Introduction: Pocket Socket Wrench (Keychain)

I find myself in need of a wrench a lot. Whether it's on my longboard, a tool, or some project I'm working on, I always end up needing to loosen or tighten a nut or bolt. I tried carrying a skate tool around, but it was a little too bulky for me, often didn't have the right size drivers for whatever project I had at hand, and usually ended up forgotten somewhere. I resigned myself to carrying around a socket wrench with the few sockets I expected to need. Then one day some guy in my neighbourhood left an old toolbox out with a "free" sign. Of course I took it. Inside were a couple of old socket wrenches I wouldn't mind destroying, so I decided to seize the opportunity and make my own pocket socket wrench/keychain. After using it for a couple of weeks I love it. If you find that you need more leverage you can easily slide a screwdriver, drill bit, metal rod, or even a pen or pencil into the shaft to extend it. I usually keep an adapter for smaller sockets on the wrench and have a couple sockets strung along the chain with my keys.

Step 1: What You Need:

- An old socket wrench (not pictured)

- Ball chain

- C-Clamp

- Spray paint (optional)

- Square steel tube with inner dimensions of 3/8" x 3/8". Mine was made of 14 gauge steel; I recommend getting a tube made of a thinner metal if possible.

- Files

- A hacksaw or angle grinder with cut off wheel (I highly recommend the angle grinder; I started out with a hacksaw and ran into some trouble)

- Drill or drill press

- Welder

- Appropriate welding safety equipment

- Bench vise

Step 2: Disassembling the Socket Wrench

Unfortunately I don't have any pictures of the actual disassembly of the wrench, but I will attempt to explain what I did. This video gives clear instructions that should help.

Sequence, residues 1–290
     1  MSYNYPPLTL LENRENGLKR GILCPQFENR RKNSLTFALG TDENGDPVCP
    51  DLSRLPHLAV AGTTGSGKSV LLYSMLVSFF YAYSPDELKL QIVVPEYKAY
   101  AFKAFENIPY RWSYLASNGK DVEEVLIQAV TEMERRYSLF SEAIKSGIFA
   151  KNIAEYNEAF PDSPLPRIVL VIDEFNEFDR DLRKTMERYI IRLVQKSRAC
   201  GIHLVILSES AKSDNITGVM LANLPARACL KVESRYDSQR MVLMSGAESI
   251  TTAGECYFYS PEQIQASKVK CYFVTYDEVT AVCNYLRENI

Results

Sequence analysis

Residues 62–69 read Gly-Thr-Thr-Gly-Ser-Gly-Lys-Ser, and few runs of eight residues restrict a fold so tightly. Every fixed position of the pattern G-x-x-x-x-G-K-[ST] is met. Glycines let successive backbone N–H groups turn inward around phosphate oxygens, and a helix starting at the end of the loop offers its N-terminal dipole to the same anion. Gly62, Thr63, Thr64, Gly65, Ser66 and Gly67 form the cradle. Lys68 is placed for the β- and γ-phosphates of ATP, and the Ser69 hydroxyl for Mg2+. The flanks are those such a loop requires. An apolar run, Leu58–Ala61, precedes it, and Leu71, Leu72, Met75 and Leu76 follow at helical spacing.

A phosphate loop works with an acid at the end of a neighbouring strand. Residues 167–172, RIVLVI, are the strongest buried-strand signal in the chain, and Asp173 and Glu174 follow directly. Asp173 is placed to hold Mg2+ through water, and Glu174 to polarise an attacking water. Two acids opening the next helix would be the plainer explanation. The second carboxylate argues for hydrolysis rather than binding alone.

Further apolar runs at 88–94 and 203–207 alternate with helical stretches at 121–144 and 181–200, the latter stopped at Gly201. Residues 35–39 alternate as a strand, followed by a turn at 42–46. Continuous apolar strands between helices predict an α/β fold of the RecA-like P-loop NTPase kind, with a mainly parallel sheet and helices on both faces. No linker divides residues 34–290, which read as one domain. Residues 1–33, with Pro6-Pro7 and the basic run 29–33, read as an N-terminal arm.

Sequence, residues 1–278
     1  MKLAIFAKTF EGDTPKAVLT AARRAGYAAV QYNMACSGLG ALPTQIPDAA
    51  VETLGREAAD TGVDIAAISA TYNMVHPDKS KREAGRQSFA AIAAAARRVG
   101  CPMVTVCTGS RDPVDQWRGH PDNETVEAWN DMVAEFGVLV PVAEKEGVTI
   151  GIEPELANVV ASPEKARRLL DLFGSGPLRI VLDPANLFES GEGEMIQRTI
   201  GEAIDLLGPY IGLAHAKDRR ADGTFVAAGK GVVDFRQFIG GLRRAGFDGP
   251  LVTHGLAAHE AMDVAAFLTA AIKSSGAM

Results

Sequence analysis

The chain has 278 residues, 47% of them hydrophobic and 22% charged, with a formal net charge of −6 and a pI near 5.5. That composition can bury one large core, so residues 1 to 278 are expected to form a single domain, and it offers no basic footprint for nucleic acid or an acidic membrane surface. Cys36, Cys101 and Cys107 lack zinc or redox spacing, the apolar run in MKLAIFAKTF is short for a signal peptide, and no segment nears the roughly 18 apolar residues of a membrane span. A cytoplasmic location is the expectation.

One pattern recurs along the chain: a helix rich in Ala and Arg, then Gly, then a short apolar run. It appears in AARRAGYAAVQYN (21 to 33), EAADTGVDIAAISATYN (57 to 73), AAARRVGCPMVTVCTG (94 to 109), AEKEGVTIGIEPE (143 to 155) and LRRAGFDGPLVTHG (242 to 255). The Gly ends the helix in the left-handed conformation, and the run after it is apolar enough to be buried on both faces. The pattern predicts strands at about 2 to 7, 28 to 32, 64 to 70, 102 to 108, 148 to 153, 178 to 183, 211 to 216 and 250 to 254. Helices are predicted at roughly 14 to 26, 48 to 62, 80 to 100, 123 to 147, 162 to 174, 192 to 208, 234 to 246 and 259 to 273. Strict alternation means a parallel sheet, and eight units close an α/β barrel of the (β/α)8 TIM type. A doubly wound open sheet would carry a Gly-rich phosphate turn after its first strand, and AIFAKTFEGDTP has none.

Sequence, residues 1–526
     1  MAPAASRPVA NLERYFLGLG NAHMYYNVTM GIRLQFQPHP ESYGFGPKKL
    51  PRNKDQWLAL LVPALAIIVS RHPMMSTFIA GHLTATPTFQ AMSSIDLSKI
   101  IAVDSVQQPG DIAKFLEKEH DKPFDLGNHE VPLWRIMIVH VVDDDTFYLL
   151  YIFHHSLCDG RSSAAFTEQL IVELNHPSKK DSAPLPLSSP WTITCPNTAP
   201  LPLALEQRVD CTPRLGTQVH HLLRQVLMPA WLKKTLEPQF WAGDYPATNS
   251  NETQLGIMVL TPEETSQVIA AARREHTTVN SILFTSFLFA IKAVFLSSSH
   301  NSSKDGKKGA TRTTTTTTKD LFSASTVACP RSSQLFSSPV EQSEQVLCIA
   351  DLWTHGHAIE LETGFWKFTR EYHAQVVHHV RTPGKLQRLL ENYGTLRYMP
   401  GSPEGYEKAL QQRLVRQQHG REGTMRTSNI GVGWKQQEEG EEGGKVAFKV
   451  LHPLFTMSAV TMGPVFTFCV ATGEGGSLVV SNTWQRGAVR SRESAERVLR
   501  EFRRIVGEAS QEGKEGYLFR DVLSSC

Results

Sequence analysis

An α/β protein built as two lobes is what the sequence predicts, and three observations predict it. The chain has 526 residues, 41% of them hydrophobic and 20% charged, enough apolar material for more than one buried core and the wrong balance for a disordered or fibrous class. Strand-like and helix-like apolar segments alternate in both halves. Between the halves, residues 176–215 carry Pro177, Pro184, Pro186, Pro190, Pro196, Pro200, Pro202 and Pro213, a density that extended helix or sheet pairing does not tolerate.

- To remove the "head" of the socket wrench you must first remove the spring holding it in place. You can get a decent view of it in the first image.

- Prevent the spring from rotating and pry it up by forcing a flat-head screwdriver into the notch. The spring is kind of like a key ring in design.

- Once the spring is removed the head will slide right out.

- Keep the head.

Step 3: Cutting the Shaft

- Cut off a piece of tubing about 3" long. You can make it bigger or smaller if you want, but I found that 3" was large enough to get some leverage on while still being small enough to fit in your pocket.

- File the cut end smooth.

Step 4: Drilling the Chain Hole

- Make a mark about 1/4" away from one end.

- Drill a hole through the mark. Make sure you drill straight through both sides of the tube.

- I used a 5/32 drill bit. You can of course use a different bit and drill in a different place, but I found that a 5/32" hole 1/4" away from one end was the perfect size and placement to handle both a ball chain and traditional key ring.

Step 5: Cutting the Head

Please learn from my mistakes; don't try to cut the head with a hacksaw. After about 30 minutes and a completely dull blade I had managed to make a cut that was maybe 1/8" deep. Use an angle grinder and cut off wheel. It'll make this a heck of a lot easier.

- Clamp the head in the vise.

- Using the angle grinder, cut along the groove where the spring held the head in place (where the hacksaw blade is in the first image).

- Discard the piece that doesn't resemble a tiny top hat. I think I'll call it that from now on.

- Use the files on the underside of the "top hat" until it is smooth and even. If the cut was on an angle use the grinder to even it out. You want the top hat to be perpendicular to whatever surface it rests on.

Step 6: Welding

- Position the "top hat" on the end of the shaft you cut earlier. Make sure it is centered and on one of the faces with a hole in it; make sure it is on the end opposite the hole. Clamp it in place.

- Weld the sections of the top hat's "brim" that stick out on either side of the shaft to the shaft.

Step 7: Cleaning Up the Welds

- File or cut down the portion of the top hat's "brim" that didn't get welded until you hit the welds.

- File the welds down and make them smooth.

Step 8: Finishing Up

- This step is a matter of personal taste. You can paint the wrench, wire wheel it, sandblast it, or just leave it. It all depends on what you want to do. I opted to paint it.

- First I wrapped the connector in tape so as not to paint over it.

- I then spray painted the wrench black.

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